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A Mammoth Occasion - Big Hollow Trail Ribbon Cutting at Mammoth Cave National Park

On June 7th something monumental happened in Southwest Kentucky. In the land known for the largest network of cave systems in the world we celebrated the addition of a recreational ammenidity above ground.  My entire life I always reveared Mammoth Cave National Park as a prime destination and wouldn't have thought it could get any better until now.

Since 1999 advocates and park staff have been working to develop better access for mountain bikers at the park. The process began with locals and park staff generating a proposal that resulted in experimental access.  During the experimental access period local mountain bicyclists proved themselves to be great trail stewards, performing virtually all of the maintenance on the experimental access trails. The experimental period was successful and mountain bicycling proved to be an appropriate use.

Without getting into too much NPS process and policy talk, Mammoth Cave National Park finalized a comprehensive trail management plan in 2008, which included construction of the Big Hollow trail and bicycle access on three other existing trails in the park. In 2012 the National Park Service completed the required special regulation to permit bicycle use on the identified trails.


The Big Hollow Trail is the first trail in a National Park[1] to have been designed and constructed to provide a sustainable bicycling experience. The result is an model of a “gateway” mountain biking trail and was recognized by IMBA in our model trail awards. Gateway trails are intentionally designed to provide beginners and children an introduction to mountain bicycling while still providing a rugged outdoor recreation experience for all users.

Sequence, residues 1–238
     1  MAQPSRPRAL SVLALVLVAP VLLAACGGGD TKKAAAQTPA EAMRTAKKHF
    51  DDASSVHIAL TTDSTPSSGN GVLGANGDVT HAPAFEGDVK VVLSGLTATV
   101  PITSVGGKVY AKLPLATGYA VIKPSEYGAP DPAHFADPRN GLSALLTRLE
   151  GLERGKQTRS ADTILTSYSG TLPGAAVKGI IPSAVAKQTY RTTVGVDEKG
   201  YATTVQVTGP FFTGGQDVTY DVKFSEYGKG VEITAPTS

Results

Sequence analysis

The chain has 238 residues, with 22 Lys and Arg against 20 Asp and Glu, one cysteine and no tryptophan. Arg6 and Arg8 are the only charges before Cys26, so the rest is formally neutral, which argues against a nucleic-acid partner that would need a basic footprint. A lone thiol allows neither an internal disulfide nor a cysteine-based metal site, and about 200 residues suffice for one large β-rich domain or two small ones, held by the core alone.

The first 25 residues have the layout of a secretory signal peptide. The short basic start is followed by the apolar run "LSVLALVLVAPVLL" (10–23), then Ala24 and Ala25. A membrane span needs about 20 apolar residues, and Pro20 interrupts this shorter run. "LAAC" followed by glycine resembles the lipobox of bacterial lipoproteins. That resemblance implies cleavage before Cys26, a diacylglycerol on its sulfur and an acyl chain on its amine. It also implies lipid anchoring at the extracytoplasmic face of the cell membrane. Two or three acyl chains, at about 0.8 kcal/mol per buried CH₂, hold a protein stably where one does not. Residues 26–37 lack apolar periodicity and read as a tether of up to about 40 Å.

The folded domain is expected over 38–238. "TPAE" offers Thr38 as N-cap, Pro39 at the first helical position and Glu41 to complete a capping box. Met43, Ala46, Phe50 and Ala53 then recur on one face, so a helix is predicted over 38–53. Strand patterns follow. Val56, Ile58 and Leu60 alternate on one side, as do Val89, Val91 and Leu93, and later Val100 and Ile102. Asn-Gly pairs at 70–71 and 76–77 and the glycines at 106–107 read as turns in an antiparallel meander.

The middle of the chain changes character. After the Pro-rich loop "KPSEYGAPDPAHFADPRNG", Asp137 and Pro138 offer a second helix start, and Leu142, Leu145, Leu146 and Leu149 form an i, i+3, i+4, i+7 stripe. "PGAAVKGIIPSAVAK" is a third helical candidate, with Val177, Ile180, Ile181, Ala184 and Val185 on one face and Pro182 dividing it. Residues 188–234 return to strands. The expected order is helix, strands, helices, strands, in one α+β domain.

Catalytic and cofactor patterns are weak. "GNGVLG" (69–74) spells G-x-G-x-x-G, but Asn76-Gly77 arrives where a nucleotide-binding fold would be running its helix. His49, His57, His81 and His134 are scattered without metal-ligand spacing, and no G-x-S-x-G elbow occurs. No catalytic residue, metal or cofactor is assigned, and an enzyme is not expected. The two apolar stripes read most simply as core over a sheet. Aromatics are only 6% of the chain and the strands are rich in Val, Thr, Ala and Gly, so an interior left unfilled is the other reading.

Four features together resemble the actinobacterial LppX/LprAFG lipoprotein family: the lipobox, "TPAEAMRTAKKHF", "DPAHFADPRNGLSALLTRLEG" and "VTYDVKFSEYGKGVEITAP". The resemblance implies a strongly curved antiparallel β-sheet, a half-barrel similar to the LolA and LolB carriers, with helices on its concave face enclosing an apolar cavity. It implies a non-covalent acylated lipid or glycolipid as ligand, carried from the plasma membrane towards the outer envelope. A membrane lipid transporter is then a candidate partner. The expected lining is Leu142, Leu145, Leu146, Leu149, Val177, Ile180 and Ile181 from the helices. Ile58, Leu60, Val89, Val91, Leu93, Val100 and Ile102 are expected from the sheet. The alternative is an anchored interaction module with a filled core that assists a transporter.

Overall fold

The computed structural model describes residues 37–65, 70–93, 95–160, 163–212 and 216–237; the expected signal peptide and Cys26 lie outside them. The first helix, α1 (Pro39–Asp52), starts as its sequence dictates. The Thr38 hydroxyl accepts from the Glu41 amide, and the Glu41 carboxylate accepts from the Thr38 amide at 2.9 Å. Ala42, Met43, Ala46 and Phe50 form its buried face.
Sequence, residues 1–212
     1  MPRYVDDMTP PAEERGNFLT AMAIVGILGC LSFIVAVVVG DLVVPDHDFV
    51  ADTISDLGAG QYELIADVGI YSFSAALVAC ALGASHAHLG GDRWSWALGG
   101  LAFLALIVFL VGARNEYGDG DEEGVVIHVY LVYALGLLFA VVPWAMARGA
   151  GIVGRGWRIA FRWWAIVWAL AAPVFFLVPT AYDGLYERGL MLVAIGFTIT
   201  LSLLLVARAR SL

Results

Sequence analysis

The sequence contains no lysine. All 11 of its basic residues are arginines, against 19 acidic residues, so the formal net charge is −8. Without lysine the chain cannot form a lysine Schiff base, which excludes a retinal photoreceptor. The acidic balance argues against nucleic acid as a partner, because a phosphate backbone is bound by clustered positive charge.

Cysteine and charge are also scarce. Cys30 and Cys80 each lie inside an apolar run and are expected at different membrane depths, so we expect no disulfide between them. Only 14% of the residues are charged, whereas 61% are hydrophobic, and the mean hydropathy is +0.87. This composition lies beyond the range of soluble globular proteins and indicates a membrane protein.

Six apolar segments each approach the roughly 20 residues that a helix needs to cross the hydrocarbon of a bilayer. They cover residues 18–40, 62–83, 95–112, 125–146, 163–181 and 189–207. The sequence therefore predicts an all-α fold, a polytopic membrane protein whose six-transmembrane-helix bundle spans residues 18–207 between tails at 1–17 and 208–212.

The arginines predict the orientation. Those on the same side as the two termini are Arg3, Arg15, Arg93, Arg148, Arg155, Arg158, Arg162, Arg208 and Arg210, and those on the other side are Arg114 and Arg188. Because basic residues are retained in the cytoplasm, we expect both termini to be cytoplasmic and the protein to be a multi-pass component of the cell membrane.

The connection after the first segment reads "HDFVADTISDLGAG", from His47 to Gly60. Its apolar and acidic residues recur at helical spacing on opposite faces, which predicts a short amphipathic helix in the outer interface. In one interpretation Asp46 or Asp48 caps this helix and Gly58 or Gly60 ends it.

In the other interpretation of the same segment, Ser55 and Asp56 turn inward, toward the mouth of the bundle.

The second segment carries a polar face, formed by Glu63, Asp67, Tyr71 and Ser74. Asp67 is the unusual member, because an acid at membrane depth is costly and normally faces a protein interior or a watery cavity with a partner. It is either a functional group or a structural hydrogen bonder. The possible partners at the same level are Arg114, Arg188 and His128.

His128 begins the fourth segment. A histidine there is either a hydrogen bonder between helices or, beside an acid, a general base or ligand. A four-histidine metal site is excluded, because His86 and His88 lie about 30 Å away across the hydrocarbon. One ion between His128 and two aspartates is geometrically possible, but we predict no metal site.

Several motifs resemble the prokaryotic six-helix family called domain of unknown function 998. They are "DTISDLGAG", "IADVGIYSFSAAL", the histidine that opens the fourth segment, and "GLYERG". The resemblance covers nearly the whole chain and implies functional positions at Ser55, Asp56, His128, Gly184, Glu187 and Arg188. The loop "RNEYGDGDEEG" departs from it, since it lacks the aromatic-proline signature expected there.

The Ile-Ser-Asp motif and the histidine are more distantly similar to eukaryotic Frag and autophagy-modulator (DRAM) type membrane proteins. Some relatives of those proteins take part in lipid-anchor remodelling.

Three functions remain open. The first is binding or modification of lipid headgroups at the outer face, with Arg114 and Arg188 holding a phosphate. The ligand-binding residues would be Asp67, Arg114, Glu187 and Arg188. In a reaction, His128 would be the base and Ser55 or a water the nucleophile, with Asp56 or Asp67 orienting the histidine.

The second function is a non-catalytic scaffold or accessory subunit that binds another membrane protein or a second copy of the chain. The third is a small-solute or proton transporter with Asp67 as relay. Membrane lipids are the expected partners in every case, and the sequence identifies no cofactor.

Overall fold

There are many people to thank when referencing this project. On behalf of the IMBA Board of Directors, IMBA Staff and our thousands of supporters I would like to thank the staff of Mammoth Cave National Park and the regulations staff in Washington DC that made this incredible project happen.

The Directors of the National Park Service since the project began, especially Director Jonathan B. Jarvis and the The Superintendents of Mammoth Cave National Park throughout the projects lifespan, including Superintendent Sarah Craighead. In addition to the leadership there have been dozens of park staff who have dedicated many hours to seeing this project through over the years and we thank them as well.

Achieving a "Gateway" trail designation is no easy task.  The ability to construct the combination of an approachable and beginner friendly system that also challenges and intriques more advanced riders is a highly develop skill that Ed Sutton and his crew from Trail Dynamics did an amazing job at.  And of course, as Superintendent Craighead said it best, "We wouldn't be in this situation without the commitment and support of the Southwest Kentucky Mountain Bike Association, the local IMBA Chapter." Their dedication and contributions to the maintenance of the facility post contruction were the only way this project would have happened.  Local leaders like Johnny Johnson, Fritz Games, and Chip Winger and the dozens of volunteers who contributed to this project all deserve major kudos.  Without dedicated local advocates willing to give up their Saturday afternoon to attend a meeting, take vacation days do go to conferences, spend the evening reading an EIS and drafting comments, none of this would happen.

If Mammoth Cave wasn't on your family vacation list it should be now.  See you out on the trails.


[1] The trails at New River Gorge National River are also managed by the National Park Service but, while no less significant, the areas are not designated a National Park.

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